• 2 tablespoons arrowroot flour
  • 2 teaspoons baking powder
  • 1/2 ripe banana
  • 1/4 cup applesauce

Tried any of the above? Have a favourite you’d like to share?

This list is taken from the wonderful cookbook Gluten Free Grain Free

A good start

Oh hello again!!

Sorry for the blogging hiatus, but I had to take a few weeks off to finish the long list of commitments requiring my attention – mainly end of year assessment for my Masters program, but also some work-related tasks that I absolutely HAD to get finished… the latter of which are soon to manifest into something V exciting! But more on that later…

Now, however, I’m back from the ether. This means I have energy and brainspace for blogging again. It also means I have energy to get back into the kitchen, which is what I what I wanted to share today. A delicious, healthy breakfast treat. Yum!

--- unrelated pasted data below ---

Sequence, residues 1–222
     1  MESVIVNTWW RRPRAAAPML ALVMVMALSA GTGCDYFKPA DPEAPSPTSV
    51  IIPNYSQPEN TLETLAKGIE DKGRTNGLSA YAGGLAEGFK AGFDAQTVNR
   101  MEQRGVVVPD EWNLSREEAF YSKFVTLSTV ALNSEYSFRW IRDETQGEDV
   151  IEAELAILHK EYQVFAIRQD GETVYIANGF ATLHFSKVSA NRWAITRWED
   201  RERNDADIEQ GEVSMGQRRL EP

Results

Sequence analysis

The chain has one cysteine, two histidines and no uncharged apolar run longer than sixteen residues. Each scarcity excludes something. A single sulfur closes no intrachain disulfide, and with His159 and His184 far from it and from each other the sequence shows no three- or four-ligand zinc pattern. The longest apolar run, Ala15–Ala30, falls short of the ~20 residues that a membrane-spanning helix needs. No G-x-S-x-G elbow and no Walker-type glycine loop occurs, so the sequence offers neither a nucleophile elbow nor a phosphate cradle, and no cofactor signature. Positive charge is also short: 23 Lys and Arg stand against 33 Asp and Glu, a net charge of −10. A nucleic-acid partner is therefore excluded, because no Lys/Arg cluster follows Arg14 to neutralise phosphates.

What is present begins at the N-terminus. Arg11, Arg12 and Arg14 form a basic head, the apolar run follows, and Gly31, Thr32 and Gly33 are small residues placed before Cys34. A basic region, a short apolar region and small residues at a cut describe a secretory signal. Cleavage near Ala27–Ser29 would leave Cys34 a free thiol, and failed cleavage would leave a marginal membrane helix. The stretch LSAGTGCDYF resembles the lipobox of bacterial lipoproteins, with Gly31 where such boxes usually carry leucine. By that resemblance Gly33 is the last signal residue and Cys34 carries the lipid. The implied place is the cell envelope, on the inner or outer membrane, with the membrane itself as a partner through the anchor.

Cacao almond granolaI am a fan of breakfast and I advocate a good start for all of my patients.

Some people can’t stomach much in the early part of the day (am married to one) whereas others wake up ready to eat a full plate (am one). Whichever you are, the key to starting the day well is having healthy choices on hand.

Over the weekend I finally made my own granola; something I’ve been meaning to do for ages, as I’m a big fan of muesli-based brekkies… but I never got around to it. Why? Dunno. It’s damn easy actually. Good to know!

There are heaps of great recipes out there and in this instance I used this Cacao & Almond Granola recipe from nutritionist Jess Cox. It is stellar. Full of good fats, fibre, complex carbohydrates, protein and yummy flavours. I highly recommend it with generous dollop or two of natural yoghurt.

Check it out!

Cacao almond granola + yoghurt

Easy. Delicious. Healthy.


What’s your favourite breakfast go-to at the moment?